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      New Holocaust Museum Focuses on Jewish Youth Uprising

      A new museum has been opened that focuses on activist youth rebellions against the Nazis, especially during the Warsaw Ghetto uprising.
      By Hana Levi Julian and Kobi Finkler
      First Publish: 11/26/2009, 5:14 PM / Last Update: 11/27/2009, 9:58 AM

      Creative Commons

      A new museum, named for the commander of the Warsaw Ghetto uprising, Mordechai Anilewicz, has been established to memorialize the youths who rebelled against the Nazis during the Holocaust. Besides emphasizing the role of youth groups in the Warsaw Ghetto, the museum also brings to light hitherto unknown resistance by ordinary civilians.

      The opening of the museum was timed for the 50th anniversary of the Heritage Museum at Kibbutz Givat Haviva.

      The museum's current displays mark the 65 years since the murder of the paratroopers who were sent by the Yishuv (the name of the State of Israel prior to its official establishment) to Europe -- among them, Chaviva Reich, for whom Kibbutz Givat Chaviva, where the museum is located, was named.

      Dr. Grisiella Ben Dror, Executive Director of the Heritage Institute, noted that "we live in a period of materialism and the quest for individual gratification. The idea of a nation having a joint destiny and the ideal of  personal sacrifice in order to achieve that destiny cannot be taken for granted.That makes perpetuating the principles upon which the State of Israel was established a crucial goal.  The triumph of the spirit  that empowered the struggle against absolute evil during the darkest period in Jewish history and the civilized world, can be used as a symbol and model for the youth of today."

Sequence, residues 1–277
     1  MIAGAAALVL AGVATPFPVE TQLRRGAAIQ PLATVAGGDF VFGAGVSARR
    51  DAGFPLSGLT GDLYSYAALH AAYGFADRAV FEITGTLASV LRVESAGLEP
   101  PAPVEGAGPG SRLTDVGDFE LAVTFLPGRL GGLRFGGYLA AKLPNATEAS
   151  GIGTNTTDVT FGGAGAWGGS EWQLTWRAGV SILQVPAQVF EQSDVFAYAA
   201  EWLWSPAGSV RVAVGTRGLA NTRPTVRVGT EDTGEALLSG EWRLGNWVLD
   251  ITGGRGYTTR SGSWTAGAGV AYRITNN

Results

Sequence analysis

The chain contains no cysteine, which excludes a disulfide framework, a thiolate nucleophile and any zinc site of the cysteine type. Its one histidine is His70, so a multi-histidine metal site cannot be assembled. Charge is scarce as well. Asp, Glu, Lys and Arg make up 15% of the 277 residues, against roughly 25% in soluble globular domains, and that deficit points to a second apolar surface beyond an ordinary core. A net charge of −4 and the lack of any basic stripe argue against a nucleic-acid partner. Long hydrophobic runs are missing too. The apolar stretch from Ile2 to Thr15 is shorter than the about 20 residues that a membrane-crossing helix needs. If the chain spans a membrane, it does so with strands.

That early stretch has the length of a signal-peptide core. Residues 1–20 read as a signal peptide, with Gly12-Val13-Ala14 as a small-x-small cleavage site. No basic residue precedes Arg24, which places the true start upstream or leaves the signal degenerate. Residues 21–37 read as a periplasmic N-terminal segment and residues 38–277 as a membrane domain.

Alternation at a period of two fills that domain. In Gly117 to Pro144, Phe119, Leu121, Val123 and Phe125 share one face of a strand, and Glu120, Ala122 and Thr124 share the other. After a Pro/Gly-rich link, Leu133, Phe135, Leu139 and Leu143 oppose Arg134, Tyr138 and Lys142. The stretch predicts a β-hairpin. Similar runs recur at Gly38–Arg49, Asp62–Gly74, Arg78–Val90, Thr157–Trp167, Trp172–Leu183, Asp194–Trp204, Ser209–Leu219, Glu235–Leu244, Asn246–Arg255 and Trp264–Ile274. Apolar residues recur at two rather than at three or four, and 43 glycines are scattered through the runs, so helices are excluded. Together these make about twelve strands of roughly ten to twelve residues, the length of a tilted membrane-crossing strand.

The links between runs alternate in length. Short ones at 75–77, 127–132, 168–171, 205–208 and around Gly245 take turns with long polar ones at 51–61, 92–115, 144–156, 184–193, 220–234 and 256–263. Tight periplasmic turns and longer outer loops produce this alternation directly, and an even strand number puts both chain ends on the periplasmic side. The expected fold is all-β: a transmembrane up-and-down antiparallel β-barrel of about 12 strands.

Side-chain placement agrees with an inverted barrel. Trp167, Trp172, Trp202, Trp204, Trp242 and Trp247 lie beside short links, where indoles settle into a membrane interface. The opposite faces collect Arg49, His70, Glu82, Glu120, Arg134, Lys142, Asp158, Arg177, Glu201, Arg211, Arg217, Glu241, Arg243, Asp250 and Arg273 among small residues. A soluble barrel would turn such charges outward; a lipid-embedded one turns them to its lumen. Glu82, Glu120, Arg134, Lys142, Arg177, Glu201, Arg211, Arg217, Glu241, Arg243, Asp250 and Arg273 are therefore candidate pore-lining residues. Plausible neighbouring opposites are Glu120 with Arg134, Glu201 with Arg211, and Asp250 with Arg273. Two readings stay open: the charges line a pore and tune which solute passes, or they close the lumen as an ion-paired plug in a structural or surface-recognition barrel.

The museum places a particular emphasis on the steadfastness of ordinary people in the community, who guided and directed members of the youth movements during the Holocaust. Daily activities such as smuggling people, children and food, the refusal to surrender, survival of the family, spiritual resistance expressed in Jewish studies and the documentation of the atrocities, as well as armed resistance -- all are reflected in the unique visual displays of the museum.

      The museum  places Mordechai Anilewicz' personal story within the context of the common fate of the Jewish people. Materials displayed are taken from the rich reservoir of the Heritage Institute's vast archives, which contain rare collections of papers, documents, pictures and other objects collected over the years.

      In addition to the permanent exhibitions at the museum, there will also be temporary, dynamic exhibits, featured as part of a new and unique enrichment program combining art, music, theater, creative writing and plastic art.

      The  museum will display a unique exhibit called "The Face of Resistance: Women in the Holocaust," which tells the story of the lives of dozens of women during World War II and the Holocaust. The exhibit includes the stories of women who enlisted in the Allied armies to fight the Nazis, and the Israeli female paratroopers who parachuted into enemy territory and were caught and murdered at the hands of the Nazis.

      The museum is located in Givat Chaviva and is open free to the public, Sunday through Thursday, from 8:00 a.m. to 4:00 p.m.  Please call the museum in advance to arrange a guided tour, at 04-630-9201 or 04-630-9261.